A small charter school in Baton Rouge that got off to a troubled start and continued to face problems with its operations could be forced to close in May.
The state revealed Saturday that it is seeking to revoke the school’s charter less than three years after it opened due to alleged financial and operational mismanagement.
The school, Laurel Oaks Charter School, made the news barely a year after opening when its founder was accused of locking a 5-year-old girl in a closet to discipline her, leading to his arrest. Shafeeq Shamsid-Deen was suspended in September 2017 and quickly replaced.
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However, the school’s problems didn't stop there. There have been allegations of financial mismanagement and a failure to adequately screen teachers and administrators hired to work at the school. The problems have reached the point where the Louisiana Department of Education is recommending that the school’s state-issued charter be revoked.
Laurel Oaks is one of two charter schools the state wants closed; the other is Smothers Academy Preparatory School in Jefferson Parish.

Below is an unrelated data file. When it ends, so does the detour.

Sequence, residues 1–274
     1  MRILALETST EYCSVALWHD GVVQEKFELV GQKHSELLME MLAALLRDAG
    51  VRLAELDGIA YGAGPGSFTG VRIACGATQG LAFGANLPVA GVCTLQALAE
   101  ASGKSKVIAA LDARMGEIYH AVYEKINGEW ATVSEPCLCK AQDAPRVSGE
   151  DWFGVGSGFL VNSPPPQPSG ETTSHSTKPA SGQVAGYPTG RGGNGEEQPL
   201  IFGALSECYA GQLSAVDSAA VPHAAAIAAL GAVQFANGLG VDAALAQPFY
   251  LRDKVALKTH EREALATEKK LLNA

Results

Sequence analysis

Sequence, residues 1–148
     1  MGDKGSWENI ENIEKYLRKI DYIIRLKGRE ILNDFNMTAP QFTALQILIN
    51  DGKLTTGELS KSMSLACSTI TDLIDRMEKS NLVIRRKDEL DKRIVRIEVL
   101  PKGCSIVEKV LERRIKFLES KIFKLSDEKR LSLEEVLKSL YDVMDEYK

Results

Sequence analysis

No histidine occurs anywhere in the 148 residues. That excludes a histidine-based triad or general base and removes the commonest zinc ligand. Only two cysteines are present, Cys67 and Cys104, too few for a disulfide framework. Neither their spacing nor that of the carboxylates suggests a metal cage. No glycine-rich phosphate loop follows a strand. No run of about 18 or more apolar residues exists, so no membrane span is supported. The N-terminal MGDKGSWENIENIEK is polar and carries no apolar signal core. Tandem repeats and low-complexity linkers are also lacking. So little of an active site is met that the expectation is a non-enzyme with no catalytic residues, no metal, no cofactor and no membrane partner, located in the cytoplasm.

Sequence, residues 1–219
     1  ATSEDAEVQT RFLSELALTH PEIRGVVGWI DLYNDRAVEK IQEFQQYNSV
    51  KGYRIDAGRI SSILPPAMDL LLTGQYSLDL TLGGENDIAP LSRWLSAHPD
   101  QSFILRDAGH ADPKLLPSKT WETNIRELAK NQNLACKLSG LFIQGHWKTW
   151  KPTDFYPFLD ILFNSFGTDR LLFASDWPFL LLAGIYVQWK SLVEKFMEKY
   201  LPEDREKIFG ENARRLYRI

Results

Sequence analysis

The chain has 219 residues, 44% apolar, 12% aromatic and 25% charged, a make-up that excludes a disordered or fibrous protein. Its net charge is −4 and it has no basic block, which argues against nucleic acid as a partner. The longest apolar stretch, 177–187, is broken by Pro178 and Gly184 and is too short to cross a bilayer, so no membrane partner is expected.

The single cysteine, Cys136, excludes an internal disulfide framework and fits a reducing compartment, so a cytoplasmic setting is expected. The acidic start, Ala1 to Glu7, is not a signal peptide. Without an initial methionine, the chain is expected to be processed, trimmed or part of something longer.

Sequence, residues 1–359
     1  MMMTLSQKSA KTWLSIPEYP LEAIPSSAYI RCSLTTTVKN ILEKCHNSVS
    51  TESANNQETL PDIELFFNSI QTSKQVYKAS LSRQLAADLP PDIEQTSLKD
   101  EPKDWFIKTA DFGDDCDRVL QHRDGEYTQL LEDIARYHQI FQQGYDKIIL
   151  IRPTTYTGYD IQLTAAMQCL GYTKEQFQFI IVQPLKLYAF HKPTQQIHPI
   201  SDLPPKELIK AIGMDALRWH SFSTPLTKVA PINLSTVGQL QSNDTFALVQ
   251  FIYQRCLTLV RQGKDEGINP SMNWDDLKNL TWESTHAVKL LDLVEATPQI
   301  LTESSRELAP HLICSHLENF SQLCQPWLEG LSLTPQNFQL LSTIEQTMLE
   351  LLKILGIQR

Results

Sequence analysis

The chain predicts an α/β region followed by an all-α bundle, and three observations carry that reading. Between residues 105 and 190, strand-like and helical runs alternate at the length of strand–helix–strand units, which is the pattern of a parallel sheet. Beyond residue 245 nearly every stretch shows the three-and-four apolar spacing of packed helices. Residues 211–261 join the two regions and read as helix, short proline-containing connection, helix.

Laurel Oaks is fighting closure.
“We’ve met every guideline, crossed every t, dotted every i; we’re done everything that they have asked of us,” said Jeremy Blunt, chairman of Laurel Oaks’ board of directors.
Both Laurel Oaks and Smothers Academy opened their doors in 2016. If no action is taken, their charters would continue through at least the 2019-20 school year.
The Louisiana Board of Elementary and Secondary Education is scheduled to consider the recommendations at its April 16 meeting.
If the school follows through and contests that recommendation, that sets the stage for a revocation hearing before BESE, likely in June, which will be conducted by a specially appointed hearing officer.
Blunt said he’s resisted requests that the school voluntarily relinquish its charter, which other charter schools have done in the past when problems have surfaced.
“We’re fighting for our kids,” he said. “We’re fighting for their education."